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The 11th Daum Prize Artist Exhibition – Chung Heeseung / Inadequate Metaphors

Period : 2013. 7. 6 – 8. 18
Place : Artsonje Center

The Daum Prize is a project to support young Korean artists working with the photographic media. Since 2002, the Parkgeonhi Foundation has selected artists through an annual competition held each May. It is one of the most representative creative art program in Korea, thus one could grasp the trends of Korean contemporary photography merely by viewing the portfolios submitted by applicants for the past 11 years. Each year, the winner receives a stipend to produce work for one year, and presents the results in an exhibition and a book of the works the following year. From 2012, the stipend for artists was increased to KRW 55 million, and solo shows were held in the Artsonje Center, thereby broadening the actual scope of support, and making the program the most preferred gateway for Korean young artists to enter the professional photography scene.

Artist Heeseung Chung submitted the Reading and Still Life series to win the 11th Daum Prize. The artist says she has been interested in things that are not easily revealed on the surface of objects, latent situations, and beings hidden in the background. Such perspective enabled the artist to bring out contemplation on the photographic surface and what is not visualized in one’s eyes in the series Reading (2009-2010), which consists of photographs taken of actors reading scripts, and Still Life (2009-2012), which are photographs of objects used in everyday life.

The 11th Daum Prize Artist Exhibition, Inadequate Metaphors (2013), was an attempt in which Chung approached the inner qualities of photography and the subjects in the context of her previous work. It consisted of photographs objects and piles of printed material. The work, which visually crosses the artist’s studio, spaces of a botanical garden and other subjects, like her previous works, is based on a very direct photographic attitude, but at the same time such simplicity produces extreme complexity.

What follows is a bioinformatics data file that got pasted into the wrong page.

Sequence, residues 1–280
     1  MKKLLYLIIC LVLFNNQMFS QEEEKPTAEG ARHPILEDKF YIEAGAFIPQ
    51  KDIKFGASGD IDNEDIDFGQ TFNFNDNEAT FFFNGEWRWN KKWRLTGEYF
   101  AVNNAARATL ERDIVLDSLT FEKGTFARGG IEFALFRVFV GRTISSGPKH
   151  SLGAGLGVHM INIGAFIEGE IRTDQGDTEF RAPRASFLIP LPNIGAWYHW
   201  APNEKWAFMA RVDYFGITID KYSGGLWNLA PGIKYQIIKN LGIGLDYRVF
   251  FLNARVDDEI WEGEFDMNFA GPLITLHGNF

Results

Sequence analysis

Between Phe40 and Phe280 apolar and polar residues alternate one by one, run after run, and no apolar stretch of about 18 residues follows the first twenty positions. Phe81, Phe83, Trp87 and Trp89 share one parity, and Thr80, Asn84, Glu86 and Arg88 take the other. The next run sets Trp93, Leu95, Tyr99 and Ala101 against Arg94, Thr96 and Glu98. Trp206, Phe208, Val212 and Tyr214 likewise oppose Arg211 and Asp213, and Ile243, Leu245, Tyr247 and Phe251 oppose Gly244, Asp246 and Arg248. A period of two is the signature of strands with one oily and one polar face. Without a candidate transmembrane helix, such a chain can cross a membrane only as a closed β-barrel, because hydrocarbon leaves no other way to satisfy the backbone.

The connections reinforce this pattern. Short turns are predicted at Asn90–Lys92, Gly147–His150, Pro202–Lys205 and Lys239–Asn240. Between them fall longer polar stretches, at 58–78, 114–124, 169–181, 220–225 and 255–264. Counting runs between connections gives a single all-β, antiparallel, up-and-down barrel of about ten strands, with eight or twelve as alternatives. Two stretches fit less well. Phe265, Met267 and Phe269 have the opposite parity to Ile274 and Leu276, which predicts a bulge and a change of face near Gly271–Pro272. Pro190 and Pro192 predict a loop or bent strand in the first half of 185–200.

The act of seeing is a clear and direct sense. Everything that is seen exists, and humans’ primary way of understanding the subject is to collect information through visual sense. Therefore, we believe that the photograph, known as an extension of vision, is a cold and direct communication method, however, the images estranged in time and space in reality position themselves on the other side of our beliefs. This is where Chung’s works stand. When we face her works, the subjects are revealed in a truly photographic method, and do not indicate or impose anything upon us. The subject of communication becomes not the image but us, and we look, feel and imagine based on our personal experiences. In this game of hide-and-seek where a correct answer does not exist, there is a single point of protrusion—a destroyed aspect of uprightness. Through this, the subjects presented in a direction different from our expectations stir up the will for interpretation and communication and at the same time present another question to the notion of what photography should be.

Chung’s work, which uses photographic media charged with the myth of direct indication, is an irony in that it actually cannot or does not indicate anything. And this is linked both to the subject in the photograph and the perceptual act of “seeing,” thereby awakening the subtle charm of visual art that cannot be explained through text.

Inadequate Metaphors [Works]

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